This year’s National Gallery of Victoria (NGV) Architectural Commission was inspired by that notion. Called (This is) Air, it resembles a massive balloon, standing 14 metres high when fully inflated. It will inflate and deflate over the course of a day, appearing to breathe, and was devised by Melbourne-born, Perth-based architect Nic Brunsdon.
“We wanted something that had a universality to it but still spoke very specifically of things we all experience as humans,” Brunsdon says. “This was conceived a year ago now, we were all emerging from the backend of COVID and we wanted to try and say something about that period of time without being obvious about it.”
A big focus of COVID was the air that we breathe, so he wanted to make something that riffed on that concept. While highlighting the importance of air in sustaining life, it raises ideas about the quality of the air, given not all air is equal, the power of the invisible and, aesthetically, it conjures ideas of playfulness and childhood.
Made from a fully recyclable synthetic PVC, the work will be created in conjunction with St Kilda-based art installation studio .
“It’s got this breathing cadence to it. You get these moments with it being a big, bold, fully realised self as a sphere, and then you have these more cloudy, dreamlike forms as it starts to exhale,” Brunsdon says.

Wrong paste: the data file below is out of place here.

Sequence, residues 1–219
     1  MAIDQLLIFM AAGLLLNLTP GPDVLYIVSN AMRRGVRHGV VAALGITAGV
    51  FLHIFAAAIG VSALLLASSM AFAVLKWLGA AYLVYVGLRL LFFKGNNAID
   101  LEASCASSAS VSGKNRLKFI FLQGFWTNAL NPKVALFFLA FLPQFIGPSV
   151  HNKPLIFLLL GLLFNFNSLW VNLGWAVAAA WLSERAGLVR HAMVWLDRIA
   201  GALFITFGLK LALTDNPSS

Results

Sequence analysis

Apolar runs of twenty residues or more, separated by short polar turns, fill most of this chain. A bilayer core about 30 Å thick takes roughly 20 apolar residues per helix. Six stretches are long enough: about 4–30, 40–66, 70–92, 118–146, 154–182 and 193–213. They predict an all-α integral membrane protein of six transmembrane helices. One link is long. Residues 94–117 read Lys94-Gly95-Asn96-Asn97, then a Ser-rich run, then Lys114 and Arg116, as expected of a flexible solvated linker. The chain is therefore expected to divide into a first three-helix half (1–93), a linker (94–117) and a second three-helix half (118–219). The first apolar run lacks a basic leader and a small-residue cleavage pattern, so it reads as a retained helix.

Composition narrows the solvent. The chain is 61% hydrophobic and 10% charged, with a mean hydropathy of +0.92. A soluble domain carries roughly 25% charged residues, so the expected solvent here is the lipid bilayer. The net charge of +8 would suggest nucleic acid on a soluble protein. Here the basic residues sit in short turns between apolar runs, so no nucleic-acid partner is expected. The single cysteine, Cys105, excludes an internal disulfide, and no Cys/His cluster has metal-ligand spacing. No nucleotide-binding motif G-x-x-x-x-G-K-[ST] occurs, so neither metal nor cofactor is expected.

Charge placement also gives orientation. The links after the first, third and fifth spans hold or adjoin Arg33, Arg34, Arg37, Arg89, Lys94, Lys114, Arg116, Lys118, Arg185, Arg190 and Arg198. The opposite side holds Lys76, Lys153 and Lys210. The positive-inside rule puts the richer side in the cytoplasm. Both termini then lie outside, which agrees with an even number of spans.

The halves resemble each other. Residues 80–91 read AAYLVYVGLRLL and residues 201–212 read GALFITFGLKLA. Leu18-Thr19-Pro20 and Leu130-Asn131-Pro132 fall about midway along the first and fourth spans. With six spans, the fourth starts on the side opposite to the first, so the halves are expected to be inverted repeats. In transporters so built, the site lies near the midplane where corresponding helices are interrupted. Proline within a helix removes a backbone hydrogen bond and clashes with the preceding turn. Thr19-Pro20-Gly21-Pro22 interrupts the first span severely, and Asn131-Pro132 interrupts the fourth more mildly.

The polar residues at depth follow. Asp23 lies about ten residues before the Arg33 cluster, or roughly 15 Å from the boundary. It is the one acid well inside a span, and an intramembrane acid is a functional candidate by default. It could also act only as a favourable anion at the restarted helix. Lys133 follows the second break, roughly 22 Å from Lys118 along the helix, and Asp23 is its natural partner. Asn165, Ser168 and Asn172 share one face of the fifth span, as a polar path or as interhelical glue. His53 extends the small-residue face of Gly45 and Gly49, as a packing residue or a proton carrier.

“We wanted it to be a universal white, so it wears the countenance of the day or the weather or the season or the moment: that is reflected in it. If it’s a bright sunset, it picks up those colours, as it will if it’s a gloomy day. It’s always morphing.”
Each summer for the past seven years, the gallery has invited submissions for a massive pop-up to occupy its backyard. Called the Architectural Commission, it’s an opportunity for Australian architects and designers to create a design for the NGV Garden at NGV International.
Currently in place is Adam Newman and Kelvin Tsang’s Temple of Boom, which references ancient Greece and the street art of Melbourne’s laneways. In 2021, there was Taylor Knights + James Carey’s pond(er), a bright pink pool, referencing our infatuation with water, and before that Yhonnie Scarce and the Edition Office’s In Absence, a First Nations piece about memory.
Having grown up in Melbourne, Brunsdon is fond of the image of the piece on a grey old wintry day. His eponymous architectural firm recently completed work for the Art Gallery of Western Australia.
Describing his approach to the work, the architect refers to a quote by American novelist David Foster Wallace, about two fish swimming along when they encounter an older fish swimming in the other direction who asks ‘How’s the water?’
They continue swimming for a moment then one turns to the other and asks ‘What’s water?’
This year, 10 Australian practices were invited to submit design concepts that responded to the commission brief while considering the NGV Triennial themes of Magic, Memory and Matter.
Assessing submissions were Vivian Mitsogianni, dean of the School of Architecture & Urban Design at RMIT; Aaron Roberts, founding director of Edition Office; Amy Muir, director, MUIR; Grace Mortlock, director, Other Architects; and Donna McColm, assistant director, curatorial and audience engagement, NGV, as jury chair.
(This is) Air will be installed at the NGV International in early December. “The idea was how do we make this invisible thing seen and felt and kinetic and haptic, that was what we thought the magic was,” Brunsdon says. “There’s this thing we spend our lives swimming through and interacting with completely subconsciously.”
The Booklist is a weekly newsletter for book lovers from books editor Jason Steger..